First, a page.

Iran's military achievements
'Abu Mahdi cruise missile', Iran's achievement in long-range anti-ship missiles

Tehran (IP) - Anti-ship cruise missiles are among the most important modern products of the Ministry of Defense and Armed Forces Logistics of the Islamic Republic of Iran, and in recent years, special attention has been paid to these weapons.

Iran PressIran News: The latest missile unveiled in this field is the 'Abu Mahdi' anti-ship cruise missile, which is named after the great martyr Abu Mahdi al-Muhandis and is an important step in Iran's naval offensive capability.

With the development and construction of this long-range anti-ship cruise missile, Iran has entered a special and strategic club in the world.

The important thing about this defense achievement is that to date, only three countries, the United States, Russia, and China, have anti-ship cruise missiles with a range of over 1000 km, and Iran has become the fourth country in the world to attain such a missile.

The 'Abu Mehdi' anti-ship cruise missile, which was unveiled at the same time as the 'Haj Qasem' ballistic missile on August 20, 2020, has the ability to launch from a variety of offshore and ground platforms to targets.

Abu Mahdi cruise missile was demonstrated for the first time while before, the Iranian Armed Forces had various types of cruise missiles with different ranges from 25 to 350 km.

The Commander of the Iranian Navy, Rear-Admiral Hossein Khanzadi, announced in August 2020 that Iran's longest-range cruise missile, the 'Talayeh', named after the martyr Abu Mahdi al-Muhandis, would be delivered to the Navy.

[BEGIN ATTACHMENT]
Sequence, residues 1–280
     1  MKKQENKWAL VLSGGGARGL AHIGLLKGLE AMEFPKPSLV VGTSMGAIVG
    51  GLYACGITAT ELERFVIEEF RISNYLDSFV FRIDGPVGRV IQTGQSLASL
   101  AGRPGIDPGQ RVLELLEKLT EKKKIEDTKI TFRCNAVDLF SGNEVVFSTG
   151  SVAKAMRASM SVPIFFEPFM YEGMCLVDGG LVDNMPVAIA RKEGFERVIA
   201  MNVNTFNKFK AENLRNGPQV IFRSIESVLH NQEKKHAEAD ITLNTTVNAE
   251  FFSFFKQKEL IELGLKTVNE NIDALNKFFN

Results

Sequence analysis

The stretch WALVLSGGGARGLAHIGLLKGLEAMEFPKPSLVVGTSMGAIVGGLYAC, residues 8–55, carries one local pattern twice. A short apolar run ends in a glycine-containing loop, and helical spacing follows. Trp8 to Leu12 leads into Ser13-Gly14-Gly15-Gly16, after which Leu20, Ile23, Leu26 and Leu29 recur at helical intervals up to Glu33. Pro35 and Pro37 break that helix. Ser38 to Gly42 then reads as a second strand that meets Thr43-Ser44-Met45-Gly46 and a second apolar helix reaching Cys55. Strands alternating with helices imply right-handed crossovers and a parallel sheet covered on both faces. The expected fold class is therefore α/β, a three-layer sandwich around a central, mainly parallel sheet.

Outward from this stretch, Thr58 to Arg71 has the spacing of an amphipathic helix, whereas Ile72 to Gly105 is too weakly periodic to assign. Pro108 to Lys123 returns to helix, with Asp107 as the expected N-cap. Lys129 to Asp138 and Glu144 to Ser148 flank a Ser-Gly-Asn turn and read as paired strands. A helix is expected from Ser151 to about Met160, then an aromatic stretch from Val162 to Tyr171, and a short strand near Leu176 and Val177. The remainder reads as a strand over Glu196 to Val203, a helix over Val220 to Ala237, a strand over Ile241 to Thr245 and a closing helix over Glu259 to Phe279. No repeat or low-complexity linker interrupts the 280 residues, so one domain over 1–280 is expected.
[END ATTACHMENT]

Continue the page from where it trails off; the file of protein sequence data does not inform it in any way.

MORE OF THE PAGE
Based on the images released from the missile's tests, it has been shown that it will be launched from mobile ground launchers.

The first units using this system will probably be the coast-to-sea missile units of Iran's Navy on the Makran shores.

According to Deputy Defense Minister Brigadier-General Qasem Taqizadeh, the main feature of the Abu Mahdi cruise missile is that it can be fired from deep waters.

Soon, the Navy will be equipped with this missile and the security of the water borders of 1,000 kilometers will be provided.


With a clever move and using the cruise missile platform against the ground targets of the 'Soumar' family, Iranian defense specialists succeeded in developing the 'Abu Mahdi long-range anti-ship cruise missile.

The use of previous platforms (such as the one used in the Hoveyzeh missile) reduces R&D costs, including design, construction, testing, and production process time.

'Soumar' and 'Hoveyzeh' cruise missiles (with a range of 1350 km) and 'Meshkat' (with a range of 2000 km, of which no picture has been released yet) are among Iran's ground cruise missiles.

These missiles were originally designed for long-range; so just by changing their targeting system and using active radar (for marine cruise missiles), change the type of warhead to a special type for anti-ship operations, and the elimination of ground cruise missile navigation and guidance systems (TERCOM and DSMAC) and the use of integrated GPS / INS navigation, made it possible to achieve an anti-ship cruise missile with a similar range.

This technical possibility became a reality with the 'Abu Mahdi' missile in practice, and a range of over 1000 km was achieved for Iranian anti-ship missiles.